The latest update to the future of Minimum Energy Efficiency Standards (MEES) regulations is Bill 50: Minimum Energy Efficiency of Buildings Bill 2022-2023 – to make provision to increase the energy performance of buildings; and for connected purposes.
Presented by Sarah Olney, this bill went through its first reading on 24 March and the second reading stage is due on 24 November 2023. A version of this bill has previously been brought before both the House of Commons and the House of Lords.
If completing the legislative process during this parliament, the bill would result in the Minimum Energy Efficiency of Buildings Act. Given that the next general election must be called in or before January 2025, there is a chance that this bill will not complete the process in time. However, it is important to note that there has been no slipping back of targets in this bill compared to earlier versions, in fact some have been brought forward. As a statement of intent, we can assume this means MEES is here to stay.
What would this mean for property?
|Property/tenure type||EPC target||Exemptions|
|Domestic properties – owner occupied||EPC C by 2033||– Where work is not practical, affordable and cost-effective (definition to be clarified)|
– It is not technically feasible
– Cost exceeds £20,000
|Domestic properties – let||EPC C by 2028||– Cost exceeds an amount to be clarified|
– Occupant explicitly refuses permission for works
|Social housing||A ‘significant’ amount of residential portfolio to be EPC C by 2030. ‘Significant’ to be clarified.|
|New homes||All homes to be ‘zero carbon ready’ in accordance with Future Homes Standard. ‘Zero carbon ready’ to be clarified.|
|Non-domestic||EPC B by 2030||– Where work is not cost-effective (definition to be clarified)|
– It is not technically feasible
What are the major changes from expected MEES regulation changes?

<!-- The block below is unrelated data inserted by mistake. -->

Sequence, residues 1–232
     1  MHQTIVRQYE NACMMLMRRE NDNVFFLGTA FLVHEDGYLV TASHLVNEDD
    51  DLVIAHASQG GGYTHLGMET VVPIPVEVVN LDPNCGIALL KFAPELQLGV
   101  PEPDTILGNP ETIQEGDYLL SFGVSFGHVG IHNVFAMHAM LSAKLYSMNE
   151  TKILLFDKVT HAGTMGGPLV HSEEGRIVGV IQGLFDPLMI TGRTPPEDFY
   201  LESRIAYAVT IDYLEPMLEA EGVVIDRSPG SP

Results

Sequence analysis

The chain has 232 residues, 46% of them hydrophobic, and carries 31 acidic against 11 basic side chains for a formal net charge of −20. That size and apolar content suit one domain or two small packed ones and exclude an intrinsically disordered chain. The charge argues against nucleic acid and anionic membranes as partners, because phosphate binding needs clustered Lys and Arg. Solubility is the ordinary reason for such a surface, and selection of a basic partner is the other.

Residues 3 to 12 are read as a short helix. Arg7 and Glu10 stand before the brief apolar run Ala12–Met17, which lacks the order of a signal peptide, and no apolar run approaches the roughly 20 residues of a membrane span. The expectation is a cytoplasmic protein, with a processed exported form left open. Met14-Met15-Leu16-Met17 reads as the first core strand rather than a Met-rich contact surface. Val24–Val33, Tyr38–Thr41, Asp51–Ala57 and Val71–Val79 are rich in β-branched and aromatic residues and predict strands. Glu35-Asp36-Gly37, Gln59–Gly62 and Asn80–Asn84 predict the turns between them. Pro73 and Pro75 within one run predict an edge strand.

1. Removal of staged approach – it had previously been expected that there would be a staged approach (2027 EPC C and 2030 EPC B for non-domestic let property and 2025 new tenancies and 2028 all tenancies for domestic let property), however, this bill does not reference the earlier stages.
2. Bringing forward domestic EPC improvements – it had previously been expected that a date of 2035 would be set for owner occupied homes to have an EPC of C.
3. Increase of spending cap – it had previously been expected that the spending cap for domestic properties would be £10,000.
4. Fewer exemptions – it had previously been expected there would be more exemptions for both domestic and non-domestic property. These may be clarified in the definition of what ‘practical, affordable and cost-effective’ means.
One other point…
Mortgage lenders will be required to have an average of EPC C across their lending portfolio by 2030, which is likely to result in a widening in the cost of borrowing between energy efficient and non-energy efficient properties.
Action to take
Firstly, you must ensure you have a valid EPC rating for all eligible properties so that you have the correct base level to start from and a list of up-to-date recommendations for each building. We recommend working with our building consultancy teams to identify necessary improvements and project manage works in a planned and structured way. This allows a comprehensive and proactive strategy in future proofing your assets ahead of 2030.